‘Yep. Three point one? You sure, mate? I think you’ll find that’s usually a point two. Yep. Uh-huh. With the trip? On a nine-fifty? Okay. Let me just check that for you...’
He draws diagrams, makes notes, the ash from his fag drifting down onto his hands.
Lion Man sighs and folds his arms.
‘I keep telling him he’s got to slow down but he won’t listen. He’s driven. Absolutely driven. He was here till three yesterday.’
‘In the afternoon?’
Lion Man snorts.
‘Of the AM variety,’ he says. ‘And that’s not unusual. We’ve got orders to fill, deadlines coming out of our ears. It’s tough, you know. Times is a-hard. You can’t afford to sit around and cry about it. Make hay while the sun shines.’ He glances back through the workshop to the yard outside. It’s just started to rain again.
‘Well – you know what I mean.’
We both look back at Malcolm. I catch his eye as he swivels round on the chair to pull down a directory from one of the shelves. He nods and smiles weakly, then puts the directory on the desk and – crooking the phone between his cheek and his shoulder - starts to thumb through it.
‘The nine-eighty, you say? O-kay. Let me just get a price on that for you...’


jacksofbuxton said...

Hardy types the farming brigade Spence.

Lost an arm in the thresher?No problem,I'll crack on with the lambing and stick my arm back on later with some blu tack.

JuliesMum said...

"Brutally chill" - I really like that. That adjective (adverb?) really is working hard. As usual, got the dialog down to a tee - I realised I'd automatically supplied the other side of that phone conversation.

Spence Kennedy said...

Jacks - Incredibly hardy. Not only was it freezing in there, and not only had he been working all-hours, but he'd had a fit, hurt himself, put himself back in the chair and carried on trading. If there's one business on the face of the planet that deserves to succeed, it's his!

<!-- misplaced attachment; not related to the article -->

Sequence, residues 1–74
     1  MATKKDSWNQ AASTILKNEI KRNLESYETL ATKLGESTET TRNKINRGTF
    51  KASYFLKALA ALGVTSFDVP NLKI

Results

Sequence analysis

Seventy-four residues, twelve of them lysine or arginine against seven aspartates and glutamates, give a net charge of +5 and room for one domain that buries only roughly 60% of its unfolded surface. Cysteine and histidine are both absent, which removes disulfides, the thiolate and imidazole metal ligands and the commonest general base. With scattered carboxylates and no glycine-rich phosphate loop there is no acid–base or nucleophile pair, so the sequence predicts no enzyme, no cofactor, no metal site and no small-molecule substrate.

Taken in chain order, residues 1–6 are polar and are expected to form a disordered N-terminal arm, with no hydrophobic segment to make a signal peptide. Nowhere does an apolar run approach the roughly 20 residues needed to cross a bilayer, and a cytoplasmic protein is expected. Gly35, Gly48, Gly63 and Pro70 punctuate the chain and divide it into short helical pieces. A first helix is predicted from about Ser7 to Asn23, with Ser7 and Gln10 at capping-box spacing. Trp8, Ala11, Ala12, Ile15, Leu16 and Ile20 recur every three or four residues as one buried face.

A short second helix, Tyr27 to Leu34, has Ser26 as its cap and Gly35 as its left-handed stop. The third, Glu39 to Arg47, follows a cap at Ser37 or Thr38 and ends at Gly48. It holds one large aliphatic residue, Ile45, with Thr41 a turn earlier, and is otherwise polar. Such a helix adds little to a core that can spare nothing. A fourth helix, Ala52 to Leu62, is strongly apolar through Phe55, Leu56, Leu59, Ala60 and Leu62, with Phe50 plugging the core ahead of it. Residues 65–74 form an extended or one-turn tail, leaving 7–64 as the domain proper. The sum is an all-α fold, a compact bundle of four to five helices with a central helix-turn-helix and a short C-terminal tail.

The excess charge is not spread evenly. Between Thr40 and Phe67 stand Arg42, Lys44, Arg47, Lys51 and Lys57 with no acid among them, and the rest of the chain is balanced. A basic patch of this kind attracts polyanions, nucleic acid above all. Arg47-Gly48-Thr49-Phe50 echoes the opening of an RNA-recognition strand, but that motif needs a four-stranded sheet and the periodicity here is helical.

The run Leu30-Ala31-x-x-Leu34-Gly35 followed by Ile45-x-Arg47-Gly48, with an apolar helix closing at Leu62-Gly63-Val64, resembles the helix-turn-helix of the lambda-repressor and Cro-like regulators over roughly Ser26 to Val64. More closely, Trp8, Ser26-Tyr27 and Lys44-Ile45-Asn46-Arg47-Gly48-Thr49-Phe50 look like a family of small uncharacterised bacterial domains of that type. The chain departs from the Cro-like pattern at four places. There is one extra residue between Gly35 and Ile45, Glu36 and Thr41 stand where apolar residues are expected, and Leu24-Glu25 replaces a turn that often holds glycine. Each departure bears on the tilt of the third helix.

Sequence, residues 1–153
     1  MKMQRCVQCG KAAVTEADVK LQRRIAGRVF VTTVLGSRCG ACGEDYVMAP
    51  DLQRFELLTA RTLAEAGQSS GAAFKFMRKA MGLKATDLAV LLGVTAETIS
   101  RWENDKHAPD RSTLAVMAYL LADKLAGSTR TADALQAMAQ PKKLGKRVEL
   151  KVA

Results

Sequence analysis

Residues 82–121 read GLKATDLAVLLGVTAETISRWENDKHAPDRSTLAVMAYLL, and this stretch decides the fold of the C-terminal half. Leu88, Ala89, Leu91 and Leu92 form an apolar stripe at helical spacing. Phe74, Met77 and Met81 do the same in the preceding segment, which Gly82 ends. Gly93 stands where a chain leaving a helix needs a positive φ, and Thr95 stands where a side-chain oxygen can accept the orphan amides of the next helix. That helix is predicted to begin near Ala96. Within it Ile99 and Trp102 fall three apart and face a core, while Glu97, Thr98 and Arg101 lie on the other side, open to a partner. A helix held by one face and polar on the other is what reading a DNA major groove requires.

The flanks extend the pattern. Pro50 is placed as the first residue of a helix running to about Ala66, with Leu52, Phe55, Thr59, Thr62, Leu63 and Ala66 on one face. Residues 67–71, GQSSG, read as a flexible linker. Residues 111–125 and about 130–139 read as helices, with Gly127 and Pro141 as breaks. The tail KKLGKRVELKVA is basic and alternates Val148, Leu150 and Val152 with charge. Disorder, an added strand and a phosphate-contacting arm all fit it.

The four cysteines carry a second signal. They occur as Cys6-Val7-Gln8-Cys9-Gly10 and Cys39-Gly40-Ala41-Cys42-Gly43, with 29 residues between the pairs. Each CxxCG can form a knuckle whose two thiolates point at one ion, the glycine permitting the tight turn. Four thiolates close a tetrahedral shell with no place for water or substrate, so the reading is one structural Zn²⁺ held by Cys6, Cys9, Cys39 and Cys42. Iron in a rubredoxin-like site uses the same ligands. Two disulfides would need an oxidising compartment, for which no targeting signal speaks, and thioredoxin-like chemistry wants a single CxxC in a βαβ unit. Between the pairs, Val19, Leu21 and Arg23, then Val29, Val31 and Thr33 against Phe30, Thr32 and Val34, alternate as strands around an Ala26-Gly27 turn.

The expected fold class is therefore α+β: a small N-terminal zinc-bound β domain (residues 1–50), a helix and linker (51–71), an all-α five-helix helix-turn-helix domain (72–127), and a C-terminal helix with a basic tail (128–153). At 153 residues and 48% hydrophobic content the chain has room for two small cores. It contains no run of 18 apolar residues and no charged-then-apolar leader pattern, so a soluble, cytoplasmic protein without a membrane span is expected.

JM - OMG it was cold. No wonder he collapsed. When we (eventually) checked him over, all his obs were fine - so we guessed what may have happened was that he fainted in the chair, and then had a hypoxic fit when he didn't end up on the floor quick enough. We suggested he came with us to the hospital for further tests. Can you guess what his answer was...? :0/

Anonymous said...

For 78 years my paternal grandparents were farmers. A couple of years ago my grandfather came into the kitchen with an 8inch carpenters grip nail penetrating his arm by 5inches between the ulna and radius. He then proceeded to grip the nail with his teeth and pull it out himself before shoving his arm in my direction and telling me to "put a plaster on that, don't wana get shyte in it"
You write fantastically as always :) Verity

Spence Kennedy said...

Blimey, Verity! How did he manage that? Nail gun? Euch.

Like I say, farmers are a tough breed. In the summer holidays I used to work on the roses, first as a patcher, then as a budder. There were some amazing characters around the farm there. This one guy, Ely, he was in his eighties and still hoeing! (Which sounds wrong these days, but you prob know what I mean). No stopping him. He did everything very slowly (incl. eating his sandwiches, because he only had a couple of teeth left, and they were mainly for show), but he got the job done.